The Woodrow Wilson Center Press
American Diplomacy and the End of the Cold War: An Insider's Account of U.S. Policy in Europe, 1989-1992Author(s)
As the National Security Council director for European affairs from 1989 to 1992, Robert Hutchings was at the heart of U.S. policymaking toward Europe and the Soviet Union during the dissolution of the Soviet bloc. American Diplomacy and the End of the Cold War presents an insider's report on a crucial turn of world history.
The 1979 Islamic Revolution transformed all areas of Iranian life. The state set out to restrict women’s hard-won legal and social rights and to dictate aspects of their lives, including their dress, education opportunities, and relations with men. In Reconstructed Lives, Iranian women tell in their own words what the revolution attempted and how they responded.
This book traces the origins of the insurgency in Indian-controlled Jammu and Kashmir. The first theoretically-grounded account, and the most complete, it is based on extensive interviews. Ganguly’s central argument is that the insurgency can be explained by political mobilization and institutional decay.
Race: The History of an Idea in the West guides readers through a dangerous engagement with an idea that so permeates Western thinking that we expect to find it, active or dormant, as an organizing principle in all societies. But as Ivan Hannaford shows, race is not a universal idea—not even in the West.
Many of the world’s people live in urban areas with the same problems of unemployment, corroding infrastructure, deteriorating environment, a collapsing social compact, and weakening institutions. Twenty-two leading social scientists and public officials pooled their experience at the June 1996 United Nations conference on human settlement in Istanbul, and have published their work in this book.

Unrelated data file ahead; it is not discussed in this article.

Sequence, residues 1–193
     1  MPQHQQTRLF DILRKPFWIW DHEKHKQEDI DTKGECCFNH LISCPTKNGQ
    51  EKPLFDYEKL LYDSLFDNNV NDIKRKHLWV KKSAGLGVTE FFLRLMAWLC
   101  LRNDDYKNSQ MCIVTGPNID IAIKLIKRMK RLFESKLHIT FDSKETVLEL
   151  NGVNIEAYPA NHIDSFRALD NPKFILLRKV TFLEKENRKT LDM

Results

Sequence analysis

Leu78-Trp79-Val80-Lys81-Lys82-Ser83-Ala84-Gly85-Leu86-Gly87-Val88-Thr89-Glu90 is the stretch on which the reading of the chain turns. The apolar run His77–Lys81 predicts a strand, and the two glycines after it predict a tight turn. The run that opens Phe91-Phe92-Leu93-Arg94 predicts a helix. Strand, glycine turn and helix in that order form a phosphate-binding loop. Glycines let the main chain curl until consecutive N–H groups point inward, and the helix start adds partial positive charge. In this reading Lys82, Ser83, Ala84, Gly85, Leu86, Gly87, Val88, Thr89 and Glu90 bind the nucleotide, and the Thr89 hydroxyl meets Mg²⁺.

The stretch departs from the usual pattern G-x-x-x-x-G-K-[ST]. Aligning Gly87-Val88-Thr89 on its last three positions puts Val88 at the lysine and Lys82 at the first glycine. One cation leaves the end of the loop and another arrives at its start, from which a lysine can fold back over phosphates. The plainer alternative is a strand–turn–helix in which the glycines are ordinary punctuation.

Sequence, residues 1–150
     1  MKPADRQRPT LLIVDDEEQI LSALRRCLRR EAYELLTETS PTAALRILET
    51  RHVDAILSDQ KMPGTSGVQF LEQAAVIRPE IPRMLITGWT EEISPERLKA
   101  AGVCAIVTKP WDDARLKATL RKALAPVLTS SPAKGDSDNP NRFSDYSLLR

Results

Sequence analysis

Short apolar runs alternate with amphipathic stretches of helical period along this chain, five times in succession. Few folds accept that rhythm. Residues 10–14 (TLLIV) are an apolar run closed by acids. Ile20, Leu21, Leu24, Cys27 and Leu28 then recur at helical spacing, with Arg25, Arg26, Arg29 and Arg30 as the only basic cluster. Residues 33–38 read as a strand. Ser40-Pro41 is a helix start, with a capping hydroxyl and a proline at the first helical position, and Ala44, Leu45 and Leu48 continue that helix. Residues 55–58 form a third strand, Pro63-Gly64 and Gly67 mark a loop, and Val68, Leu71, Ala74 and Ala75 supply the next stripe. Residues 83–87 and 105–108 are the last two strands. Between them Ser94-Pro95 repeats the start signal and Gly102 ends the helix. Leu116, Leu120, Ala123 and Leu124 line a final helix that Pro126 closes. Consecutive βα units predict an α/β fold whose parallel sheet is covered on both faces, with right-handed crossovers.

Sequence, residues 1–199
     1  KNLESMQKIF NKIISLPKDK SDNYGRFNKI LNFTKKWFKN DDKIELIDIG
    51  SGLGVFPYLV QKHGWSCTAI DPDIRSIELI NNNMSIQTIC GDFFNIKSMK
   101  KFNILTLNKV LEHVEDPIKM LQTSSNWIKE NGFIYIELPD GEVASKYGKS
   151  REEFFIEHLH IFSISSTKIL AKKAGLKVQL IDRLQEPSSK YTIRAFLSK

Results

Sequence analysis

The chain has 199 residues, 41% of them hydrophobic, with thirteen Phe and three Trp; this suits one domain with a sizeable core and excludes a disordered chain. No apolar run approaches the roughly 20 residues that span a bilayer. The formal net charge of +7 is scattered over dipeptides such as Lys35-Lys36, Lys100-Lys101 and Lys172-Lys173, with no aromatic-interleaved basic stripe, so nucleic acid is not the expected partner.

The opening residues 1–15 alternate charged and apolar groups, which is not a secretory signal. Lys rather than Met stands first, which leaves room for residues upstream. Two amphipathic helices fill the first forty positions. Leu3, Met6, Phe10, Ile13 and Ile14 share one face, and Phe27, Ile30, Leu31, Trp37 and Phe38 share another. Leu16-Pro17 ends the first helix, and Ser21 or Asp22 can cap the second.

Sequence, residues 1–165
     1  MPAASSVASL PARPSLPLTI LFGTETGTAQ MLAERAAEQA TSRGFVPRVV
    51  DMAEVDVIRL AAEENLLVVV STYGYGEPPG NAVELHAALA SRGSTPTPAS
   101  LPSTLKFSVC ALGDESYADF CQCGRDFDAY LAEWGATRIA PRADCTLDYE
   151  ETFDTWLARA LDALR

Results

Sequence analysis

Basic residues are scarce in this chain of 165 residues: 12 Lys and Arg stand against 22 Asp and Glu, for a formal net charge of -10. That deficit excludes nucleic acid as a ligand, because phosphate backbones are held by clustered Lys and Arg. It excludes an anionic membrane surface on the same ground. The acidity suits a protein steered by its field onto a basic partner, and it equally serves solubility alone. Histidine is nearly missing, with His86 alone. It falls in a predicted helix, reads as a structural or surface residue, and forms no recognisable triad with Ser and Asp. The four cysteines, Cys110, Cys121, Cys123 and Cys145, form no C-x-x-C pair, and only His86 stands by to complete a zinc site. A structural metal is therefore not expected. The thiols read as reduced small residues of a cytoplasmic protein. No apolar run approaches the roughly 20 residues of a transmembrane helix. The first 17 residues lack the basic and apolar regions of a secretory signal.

The current fiscal crisis faced by the American federal government represents the end of a fiscal regime that began with the financing of World War II. In this volume, an interdisciplinary group of scholars explores the history of American taxation and public finance since 1941 in an attempt to understand the political, social and economic forces that have shaped the current regime.
Though most governments in Southeast Asia are widely described as authoritarian, elections have been a feature of politics in the region for many decades. The Politics of Elections in Southeast Asia identifies the common and distinguishing features of electoral politics in the region.
Relying on personal interviews with senior officials and on previously classified information, Bridled Ambition explains how and why eight countries—South Africa, Argentina, Brazil, Ukraine, Belarus, Kazakhstan, India, and Pakistan—have curtailed their nuclear weapons programs during the past few years. It also analyses a ninth country: North Korea.
This book examines and explains the nature and sources of terrorists’ beliefs, actions, goals, worldviews, and states of mind. Origins of Terrorism addresses, with scholarly responsibility as well as necessary urgency, one of the most vexing intellectual and political challenges of our time.